We live in an extraordinary time where the world gets to look on in awe as Donald Trump transcends the role of President to reach the level of an American founding father.
Being the movement of scientific dictatorship, the Progressive movement deserves a Democratic nominee who is as robotic and dictatorial as possible.
And in this weak Democratic primary field the tyrannical iron lady that stands out is none other than America’s own perpetual presidential motion machine herself, Hillary Rodham Clinton.
Trump Should Bait Rep. Alexandria Cortez on the Internet to Raise Her Profile
I ignored Cortez because she is an idiot, powerless, and seemed to be irrelevant.
She remains a powerless idiot but she has, through the strength of her own stupidity, suddenly become relevant as a new perfect foil for Trump; at least as good a foil as Pelosi will be for the rest of the year.
Whether economic growth under Trump continues past the 2020 election depends on whether the expansion is young or old in the business cycle.
American expansions (such as those of the 1980s and 1990s) usually last 5 to 7 years while economic dips normally last 1 to 2 years. Because the economy technically began to recover in the middle of Obama’s first term it has been assumed by many economists that the present expansion is late in cycle and that a correction during the next year or two is overdue.
But where the expansion is depends on what theory of the business cycle is used.
Of course Trump made the right decision to withdraw from Syria because I had been in favor of a withdrawal long ago: And when both Trump and I agree (as is usually the case) then you can be sure our position is the best of any other option.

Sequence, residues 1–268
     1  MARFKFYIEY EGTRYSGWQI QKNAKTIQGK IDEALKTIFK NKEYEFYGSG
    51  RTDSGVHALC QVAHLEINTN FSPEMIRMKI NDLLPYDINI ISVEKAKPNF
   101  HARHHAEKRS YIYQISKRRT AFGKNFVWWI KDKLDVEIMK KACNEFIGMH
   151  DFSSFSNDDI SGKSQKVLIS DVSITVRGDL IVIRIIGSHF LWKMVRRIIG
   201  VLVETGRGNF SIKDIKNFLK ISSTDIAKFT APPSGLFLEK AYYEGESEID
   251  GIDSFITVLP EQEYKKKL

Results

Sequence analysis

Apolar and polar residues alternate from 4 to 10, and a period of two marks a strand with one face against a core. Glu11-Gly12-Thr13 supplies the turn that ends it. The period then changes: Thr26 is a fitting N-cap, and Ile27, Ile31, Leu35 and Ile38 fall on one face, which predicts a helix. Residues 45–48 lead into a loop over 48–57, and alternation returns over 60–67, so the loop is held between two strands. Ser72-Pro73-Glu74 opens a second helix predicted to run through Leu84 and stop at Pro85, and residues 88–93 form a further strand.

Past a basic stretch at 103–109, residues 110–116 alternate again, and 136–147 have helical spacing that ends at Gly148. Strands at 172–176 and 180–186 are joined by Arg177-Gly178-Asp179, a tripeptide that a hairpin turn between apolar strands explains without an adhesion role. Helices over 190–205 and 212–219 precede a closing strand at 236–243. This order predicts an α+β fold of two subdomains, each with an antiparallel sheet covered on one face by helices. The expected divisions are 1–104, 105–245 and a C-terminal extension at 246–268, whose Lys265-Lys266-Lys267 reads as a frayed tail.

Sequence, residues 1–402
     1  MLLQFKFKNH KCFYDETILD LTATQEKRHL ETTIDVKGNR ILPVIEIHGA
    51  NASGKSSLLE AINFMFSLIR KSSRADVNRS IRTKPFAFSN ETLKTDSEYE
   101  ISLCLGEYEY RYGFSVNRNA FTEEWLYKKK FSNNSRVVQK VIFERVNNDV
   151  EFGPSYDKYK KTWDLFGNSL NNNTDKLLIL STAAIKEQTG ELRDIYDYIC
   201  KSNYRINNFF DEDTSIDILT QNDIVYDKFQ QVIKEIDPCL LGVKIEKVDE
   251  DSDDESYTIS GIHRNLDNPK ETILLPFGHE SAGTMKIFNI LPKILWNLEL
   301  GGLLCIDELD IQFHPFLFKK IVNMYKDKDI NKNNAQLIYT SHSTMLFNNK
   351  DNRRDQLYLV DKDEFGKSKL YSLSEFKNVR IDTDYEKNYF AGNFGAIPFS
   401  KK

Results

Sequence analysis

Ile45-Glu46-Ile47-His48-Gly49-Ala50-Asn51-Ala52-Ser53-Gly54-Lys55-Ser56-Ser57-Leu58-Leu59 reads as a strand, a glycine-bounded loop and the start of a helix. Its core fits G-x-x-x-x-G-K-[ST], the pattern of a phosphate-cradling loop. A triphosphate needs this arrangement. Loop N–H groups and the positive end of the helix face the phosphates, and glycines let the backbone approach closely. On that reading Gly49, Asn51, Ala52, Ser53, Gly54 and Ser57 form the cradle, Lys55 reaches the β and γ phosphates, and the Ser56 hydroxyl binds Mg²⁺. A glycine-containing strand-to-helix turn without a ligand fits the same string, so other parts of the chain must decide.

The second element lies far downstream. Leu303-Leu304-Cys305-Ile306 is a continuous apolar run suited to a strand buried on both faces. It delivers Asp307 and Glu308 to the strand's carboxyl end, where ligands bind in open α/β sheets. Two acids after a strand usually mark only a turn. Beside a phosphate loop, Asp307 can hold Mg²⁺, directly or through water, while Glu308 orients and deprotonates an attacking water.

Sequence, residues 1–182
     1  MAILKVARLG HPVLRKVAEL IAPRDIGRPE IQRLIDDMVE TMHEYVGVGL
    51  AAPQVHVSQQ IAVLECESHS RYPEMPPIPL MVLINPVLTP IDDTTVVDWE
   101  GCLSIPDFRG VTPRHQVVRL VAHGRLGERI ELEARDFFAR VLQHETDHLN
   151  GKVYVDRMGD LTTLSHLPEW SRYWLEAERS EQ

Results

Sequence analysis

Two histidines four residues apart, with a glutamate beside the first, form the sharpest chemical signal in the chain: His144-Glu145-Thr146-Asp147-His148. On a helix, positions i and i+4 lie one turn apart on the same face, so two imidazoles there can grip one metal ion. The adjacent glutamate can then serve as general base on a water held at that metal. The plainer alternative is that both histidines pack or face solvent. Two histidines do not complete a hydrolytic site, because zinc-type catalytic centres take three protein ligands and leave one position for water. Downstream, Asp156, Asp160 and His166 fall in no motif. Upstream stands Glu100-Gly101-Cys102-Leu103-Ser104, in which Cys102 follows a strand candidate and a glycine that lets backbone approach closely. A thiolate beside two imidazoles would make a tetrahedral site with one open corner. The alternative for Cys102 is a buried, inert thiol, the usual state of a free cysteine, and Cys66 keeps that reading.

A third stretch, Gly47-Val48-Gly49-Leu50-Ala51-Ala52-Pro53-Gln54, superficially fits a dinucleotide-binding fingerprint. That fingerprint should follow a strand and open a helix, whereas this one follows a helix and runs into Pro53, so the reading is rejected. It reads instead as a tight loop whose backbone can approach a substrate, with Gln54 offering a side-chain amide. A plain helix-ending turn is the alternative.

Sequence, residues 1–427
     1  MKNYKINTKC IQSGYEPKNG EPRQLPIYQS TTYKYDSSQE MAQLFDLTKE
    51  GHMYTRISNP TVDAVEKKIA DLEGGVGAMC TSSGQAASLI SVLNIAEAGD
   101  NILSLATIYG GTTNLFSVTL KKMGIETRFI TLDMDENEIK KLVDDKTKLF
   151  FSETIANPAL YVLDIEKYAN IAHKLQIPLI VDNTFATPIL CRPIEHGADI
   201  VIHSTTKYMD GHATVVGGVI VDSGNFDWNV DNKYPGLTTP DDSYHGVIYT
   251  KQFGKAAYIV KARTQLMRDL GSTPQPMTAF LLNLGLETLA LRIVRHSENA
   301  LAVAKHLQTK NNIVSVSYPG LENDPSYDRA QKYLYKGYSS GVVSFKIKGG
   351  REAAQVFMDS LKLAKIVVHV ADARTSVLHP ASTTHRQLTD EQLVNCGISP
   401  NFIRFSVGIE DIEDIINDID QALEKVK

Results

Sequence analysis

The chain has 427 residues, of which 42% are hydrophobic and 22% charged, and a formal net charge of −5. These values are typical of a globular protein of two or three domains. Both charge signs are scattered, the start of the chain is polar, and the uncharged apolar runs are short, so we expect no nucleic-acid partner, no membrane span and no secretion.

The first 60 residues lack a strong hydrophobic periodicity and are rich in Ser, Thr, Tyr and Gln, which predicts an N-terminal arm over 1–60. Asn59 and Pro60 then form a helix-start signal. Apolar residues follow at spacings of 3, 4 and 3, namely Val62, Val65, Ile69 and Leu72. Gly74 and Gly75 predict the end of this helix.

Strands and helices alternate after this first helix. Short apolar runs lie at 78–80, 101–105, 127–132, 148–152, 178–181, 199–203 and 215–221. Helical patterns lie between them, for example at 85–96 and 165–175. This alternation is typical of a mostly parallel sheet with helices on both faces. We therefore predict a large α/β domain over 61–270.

From December of 2017 –
The Israeli-Saudi strategy has been to support the removal of Assad. In my opinion this is the wrong strategy. The fall of Assad would have left a power vacuum that Iran could have filled with other terrorist proxies. Leaving a gravely weakened Assad in power is better because Assad’s weakness will be easier to leverage into concessions favorable to the Israelis and Saudis.
And, from April of this year –
Under that strategy there is no need to keep American forces in Syria so long as we have a proxy ally in Syrian Kurds that are lent indirect logistical support. If for some reason there is need to send withdrawn combat forces back to Syria there will be military assets next door in Iraq and elsewhere in the Middle East which can be quickly deployed.
Is it necessary to give a proof of this last fact ? We think we have furnished it in remarking that one of the sentiments most natural to man, that of nationality, is erased from the Liberal catechism, and that where the word is still employed, it is used by the heads of the party as a pretext to enchain Governments, or as a lever to bring about destruction. The real aim of the idealists of the party is religious and political fusion, and this being analysed is nothing else but creating in favour of each individual an existence entirely independent of all authority, or of any other will than his own, an idea absurd and contrary to the nature of man, and incompatible with the needs of human society.
April 23. — My proposals are confined to the discipline of the universities, and do not at all touch the studies themselves—two questions which are very closely related, but yet in the present discussion necessarily separated. If we meddle with the latter, nothing at all will be done, and a letter from Müller sufficiently points this out to me, in which in speaking of this affair he observes ‘ that the disorder in the universities proceeds from the Reformation and that it can only be really set right by the recall of the Reformation.’ I deny neither the assertion nor its justice. But here on the Quirinal I cannot meddle with Dr. Martin Luther, and I hope that nevertheless some good will come of it without even touching its source— Protestantism. The last very excellent letter of Müller’s reminded me involuntarily of Golowkin’s proposition for the investigation of ‘ Causes primitives de la révolution française.’
Napoleon was not irreligious in the ordinary sense of the word. He would not admit that there had ever existed a genuine atheist ; he condemned Deism as the result of rash speculation. A Christian and a Catholic, he recognized in religion alone the right to govern human societies. He looked on Christianity as the basis of all real civilization ; and considered Catholicism as the form of worship most favourable to the maintenance of order and the true tranquility of the moral world ; Protestantism as a source of trouble and disagreements. Personally indifferent to religious practices, he respected them too much to permit the slightest ridicule of those who followed them.